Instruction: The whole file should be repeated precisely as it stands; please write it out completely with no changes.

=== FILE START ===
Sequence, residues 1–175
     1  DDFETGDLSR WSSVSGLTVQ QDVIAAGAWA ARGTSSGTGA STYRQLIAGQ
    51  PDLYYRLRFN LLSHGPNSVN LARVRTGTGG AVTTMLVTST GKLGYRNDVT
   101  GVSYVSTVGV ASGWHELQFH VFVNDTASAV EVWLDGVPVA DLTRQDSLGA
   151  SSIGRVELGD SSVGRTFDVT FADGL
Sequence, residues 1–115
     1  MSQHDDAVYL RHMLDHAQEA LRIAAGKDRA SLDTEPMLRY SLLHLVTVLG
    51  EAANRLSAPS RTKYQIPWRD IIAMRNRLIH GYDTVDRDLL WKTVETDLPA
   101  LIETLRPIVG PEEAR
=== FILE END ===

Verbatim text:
Sequence, residues 1–175
     1  DDFETGDLSR WSSVSGLTVQ QDVIAAGAWA ARGTSSGTGA STYRQLIAGQ
    51  PDLYYRLRFN LLSHGPNSVN LARVRTGTGG AVTTMLVTST GKLGYRNDVT
   101  GVSYVSTVGV ASGWHELQFH VFVNDTASAV EVWLDGVPVA DLTRQDSLGA
   151  SSIGRVELGD SSVGRTFDVT FADGL
Sequence, residues 1–115
     1  MSQHDDAVYL RHMLDHAQEA LRIAAGKDRA SLDTEPMLRY SLLHLVTVLG
    51  EAANRLSAPS RTKYQIPWRD IIAMRNRLIH GYDTVDRDLL WKTVETDLPA
   101  LIETLRPIVG PEEAR